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Mike Getchell
10-18-2016, 04:23 PM
Newsroom
Press Releases

Gaming Industry Takes National Debate on Sports Betting to South by Southwest

Selected by popular vote, sports betting discussion another sign of public’s growing interest in a regulated, legal sports betting market

Press Release | 10.18.2016

Washington, DC – The American Gaming Association (AGA), in partnership with leading industry experts, has been selected by a popular vote for a first-of-its-kind panel discussion on regulated sports betting at the 2017 South by Southwest (SXSW) conference.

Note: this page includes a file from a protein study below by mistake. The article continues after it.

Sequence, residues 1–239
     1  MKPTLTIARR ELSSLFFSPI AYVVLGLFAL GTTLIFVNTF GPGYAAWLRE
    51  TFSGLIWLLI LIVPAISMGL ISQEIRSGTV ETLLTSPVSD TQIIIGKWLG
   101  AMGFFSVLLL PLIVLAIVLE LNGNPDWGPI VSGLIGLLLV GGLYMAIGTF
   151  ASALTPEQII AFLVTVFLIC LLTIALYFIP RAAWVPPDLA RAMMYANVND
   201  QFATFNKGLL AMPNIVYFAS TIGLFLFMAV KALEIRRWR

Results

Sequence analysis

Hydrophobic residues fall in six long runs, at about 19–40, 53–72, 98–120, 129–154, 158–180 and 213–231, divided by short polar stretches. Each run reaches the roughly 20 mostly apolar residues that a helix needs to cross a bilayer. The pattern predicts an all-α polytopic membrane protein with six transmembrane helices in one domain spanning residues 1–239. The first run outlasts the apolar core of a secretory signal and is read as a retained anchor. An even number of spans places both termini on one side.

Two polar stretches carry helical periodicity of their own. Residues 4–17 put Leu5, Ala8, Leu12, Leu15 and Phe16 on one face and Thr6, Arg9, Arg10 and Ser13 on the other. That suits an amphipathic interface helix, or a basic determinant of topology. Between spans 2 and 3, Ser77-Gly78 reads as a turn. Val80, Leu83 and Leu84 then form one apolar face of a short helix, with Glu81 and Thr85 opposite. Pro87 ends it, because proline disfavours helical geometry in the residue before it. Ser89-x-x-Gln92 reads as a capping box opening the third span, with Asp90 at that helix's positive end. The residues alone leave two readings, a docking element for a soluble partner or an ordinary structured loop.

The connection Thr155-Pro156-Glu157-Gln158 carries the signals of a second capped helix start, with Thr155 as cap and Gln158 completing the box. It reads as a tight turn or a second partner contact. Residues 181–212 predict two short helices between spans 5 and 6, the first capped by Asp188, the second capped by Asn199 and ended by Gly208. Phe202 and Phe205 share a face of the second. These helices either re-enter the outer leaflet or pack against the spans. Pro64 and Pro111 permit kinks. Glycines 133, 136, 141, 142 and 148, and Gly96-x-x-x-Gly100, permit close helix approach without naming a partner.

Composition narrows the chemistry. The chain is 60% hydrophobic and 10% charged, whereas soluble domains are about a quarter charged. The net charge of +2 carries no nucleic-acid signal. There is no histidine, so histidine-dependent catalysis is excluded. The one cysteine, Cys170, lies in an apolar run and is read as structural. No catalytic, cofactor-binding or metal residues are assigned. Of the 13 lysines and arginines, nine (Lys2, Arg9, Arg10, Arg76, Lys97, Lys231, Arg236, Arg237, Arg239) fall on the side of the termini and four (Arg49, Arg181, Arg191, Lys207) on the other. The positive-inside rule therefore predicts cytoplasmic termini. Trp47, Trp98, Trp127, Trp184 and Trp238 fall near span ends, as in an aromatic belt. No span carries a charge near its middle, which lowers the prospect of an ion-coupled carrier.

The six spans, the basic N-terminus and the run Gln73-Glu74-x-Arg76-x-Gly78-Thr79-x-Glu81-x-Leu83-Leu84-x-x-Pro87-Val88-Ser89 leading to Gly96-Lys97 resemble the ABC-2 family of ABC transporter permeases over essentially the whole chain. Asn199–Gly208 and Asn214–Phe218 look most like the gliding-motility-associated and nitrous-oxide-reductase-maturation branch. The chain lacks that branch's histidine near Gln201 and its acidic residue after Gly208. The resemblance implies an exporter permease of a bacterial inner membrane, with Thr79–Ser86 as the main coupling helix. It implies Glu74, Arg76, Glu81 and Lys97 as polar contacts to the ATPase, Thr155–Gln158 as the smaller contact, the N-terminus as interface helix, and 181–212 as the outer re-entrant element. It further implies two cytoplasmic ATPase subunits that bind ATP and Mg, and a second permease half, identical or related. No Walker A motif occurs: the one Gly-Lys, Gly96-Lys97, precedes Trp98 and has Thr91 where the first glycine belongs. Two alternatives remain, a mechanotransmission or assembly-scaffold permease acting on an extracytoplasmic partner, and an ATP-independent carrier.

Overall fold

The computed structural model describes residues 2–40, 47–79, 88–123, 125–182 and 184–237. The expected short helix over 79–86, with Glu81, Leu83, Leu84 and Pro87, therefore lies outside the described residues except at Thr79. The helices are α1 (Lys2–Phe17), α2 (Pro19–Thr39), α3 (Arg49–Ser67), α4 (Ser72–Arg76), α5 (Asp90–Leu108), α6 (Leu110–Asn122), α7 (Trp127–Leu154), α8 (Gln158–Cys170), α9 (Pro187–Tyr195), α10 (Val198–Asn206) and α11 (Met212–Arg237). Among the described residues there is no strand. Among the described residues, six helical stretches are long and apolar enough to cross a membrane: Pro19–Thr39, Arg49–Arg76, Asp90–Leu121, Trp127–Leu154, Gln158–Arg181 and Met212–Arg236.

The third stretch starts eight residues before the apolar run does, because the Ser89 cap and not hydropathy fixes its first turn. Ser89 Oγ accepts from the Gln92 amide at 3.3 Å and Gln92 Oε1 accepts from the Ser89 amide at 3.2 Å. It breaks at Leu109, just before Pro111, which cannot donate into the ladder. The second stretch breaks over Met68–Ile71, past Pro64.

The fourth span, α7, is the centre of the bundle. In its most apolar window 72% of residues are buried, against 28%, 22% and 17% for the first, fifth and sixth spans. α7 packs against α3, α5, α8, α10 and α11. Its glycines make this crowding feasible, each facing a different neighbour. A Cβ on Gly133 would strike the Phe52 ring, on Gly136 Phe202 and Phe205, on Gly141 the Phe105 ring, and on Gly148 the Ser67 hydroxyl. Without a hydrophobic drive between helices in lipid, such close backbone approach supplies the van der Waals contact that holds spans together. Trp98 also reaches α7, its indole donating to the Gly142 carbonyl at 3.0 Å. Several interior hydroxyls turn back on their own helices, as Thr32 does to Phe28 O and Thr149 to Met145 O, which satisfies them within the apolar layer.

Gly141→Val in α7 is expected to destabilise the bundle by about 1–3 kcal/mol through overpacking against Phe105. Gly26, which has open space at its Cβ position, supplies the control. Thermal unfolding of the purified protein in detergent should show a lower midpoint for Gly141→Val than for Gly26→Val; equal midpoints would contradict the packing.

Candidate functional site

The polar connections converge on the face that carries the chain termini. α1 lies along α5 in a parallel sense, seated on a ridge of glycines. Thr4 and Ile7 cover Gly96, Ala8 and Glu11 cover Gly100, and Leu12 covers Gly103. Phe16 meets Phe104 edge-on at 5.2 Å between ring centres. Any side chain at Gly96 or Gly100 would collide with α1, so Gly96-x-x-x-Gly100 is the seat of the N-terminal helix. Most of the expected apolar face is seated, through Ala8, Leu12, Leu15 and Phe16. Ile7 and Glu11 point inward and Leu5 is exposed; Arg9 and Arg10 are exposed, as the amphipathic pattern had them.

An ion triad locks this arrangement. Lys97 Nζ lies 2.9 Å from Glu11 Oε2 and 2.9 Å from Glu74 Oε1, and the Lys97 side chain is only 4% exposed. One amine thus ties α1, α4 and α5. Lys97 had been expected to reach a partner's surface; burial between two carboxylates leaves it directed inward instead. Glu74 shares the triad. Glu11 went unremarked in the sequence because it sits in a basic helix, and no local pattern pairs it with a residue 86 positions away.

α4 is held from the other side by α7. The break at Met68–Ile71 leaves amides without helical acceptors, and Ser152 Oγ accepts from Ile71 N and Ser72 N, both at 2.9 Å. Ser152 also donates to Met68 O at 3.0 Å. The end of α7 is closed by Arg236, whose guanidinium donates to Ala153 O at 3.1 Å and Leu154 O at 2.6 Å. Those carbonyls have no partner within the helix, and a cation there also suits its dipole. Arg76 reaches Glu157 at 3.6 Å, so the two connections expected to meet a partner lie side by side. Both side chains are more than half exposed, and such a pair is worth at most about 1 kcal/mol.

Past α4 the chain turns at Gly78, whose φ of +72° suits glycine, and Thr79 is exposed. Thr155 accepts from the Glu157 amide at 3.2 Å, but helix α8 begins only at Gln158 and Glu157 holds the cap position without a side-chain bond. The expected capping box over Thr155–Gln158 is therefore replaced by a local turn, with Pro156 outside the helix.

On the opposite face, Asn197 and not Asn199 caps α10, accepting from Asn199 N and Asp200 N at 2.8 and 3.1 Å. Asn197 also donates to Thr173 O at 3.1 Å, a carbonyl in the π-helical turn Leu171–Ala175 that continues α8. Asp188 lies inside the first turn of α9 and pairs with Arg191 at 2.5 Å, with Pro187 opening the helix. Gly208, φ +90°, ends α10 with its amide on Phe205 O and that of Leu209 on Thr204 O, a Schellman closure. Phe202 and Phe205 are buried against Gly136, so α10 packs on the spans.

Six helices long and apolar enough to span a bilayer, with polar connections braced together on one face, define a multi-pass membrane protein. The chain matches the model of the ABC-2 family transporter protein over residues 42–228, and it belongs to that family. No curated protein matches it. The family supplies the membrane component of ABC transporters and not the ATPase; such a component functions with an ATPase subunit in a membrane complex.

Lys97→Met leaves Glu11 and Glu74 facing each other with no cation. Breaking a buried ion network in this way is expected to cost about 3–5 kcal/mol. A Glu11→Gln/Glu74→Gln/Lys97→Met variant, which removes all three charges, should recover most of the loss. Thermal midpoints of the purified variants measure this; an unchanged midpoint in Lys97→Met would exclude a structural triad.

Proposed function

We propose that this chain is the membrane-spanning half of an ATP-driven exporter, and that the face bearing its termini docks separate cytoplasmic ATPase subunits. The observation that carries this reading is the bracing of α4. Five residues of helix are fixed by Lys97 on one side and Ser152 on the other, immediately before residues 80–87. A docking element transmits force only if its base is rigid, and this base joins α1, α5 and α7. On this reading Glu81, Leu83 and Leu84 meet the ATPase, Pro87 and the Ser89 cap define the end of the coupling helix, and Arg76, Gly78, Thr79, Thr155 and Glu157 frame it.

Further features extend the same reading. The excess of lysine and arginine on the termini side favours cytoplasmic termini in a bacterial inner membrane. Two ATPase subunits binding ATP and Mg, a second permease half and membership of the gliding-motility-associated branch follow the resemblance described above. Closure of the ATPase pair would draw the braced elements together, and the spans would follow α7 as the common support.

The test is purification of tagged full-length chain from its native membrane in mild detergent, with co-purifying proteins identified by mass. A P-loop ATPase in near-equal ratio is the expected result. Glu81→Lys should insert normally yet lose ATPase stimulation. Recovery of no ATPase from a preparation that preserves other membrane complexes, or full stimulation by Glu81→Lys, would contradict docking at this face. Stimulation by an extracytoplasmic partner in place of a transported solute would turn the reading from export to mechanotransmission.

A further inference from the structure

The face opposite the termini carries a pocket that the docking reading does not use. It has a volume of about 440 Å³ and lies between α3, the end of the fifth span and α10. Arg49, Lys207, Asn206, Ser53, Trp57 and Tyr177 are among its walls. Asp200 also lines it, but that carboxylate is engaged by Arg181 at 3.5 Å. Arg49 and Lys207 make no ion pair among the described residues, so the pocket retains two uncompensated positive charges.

The panel, “Sports Betting: No Longer Taboo for Leagues?” will explore major sports leagues’ long opposition to legalized sports betting and how they are now reconsidering that stance. Partnerships with daily fantasy sports sites and a willingness to place pro sports franchises in Las Vegas – along with a change in the public perception about gambling – calls into question the fate of the current federal sports betting ban, which Congress could soon seek to overturn.

“The current approach to sports betting has failed and is driving a $150 billion illegal, underground marketplace,” said Sara Rayme, senior vice president of public affairs at the AGA. “South by Southwest is a renowned forum for soon-to-breakthrough issues and it’s clear that sports betting is nearing its tipping point.”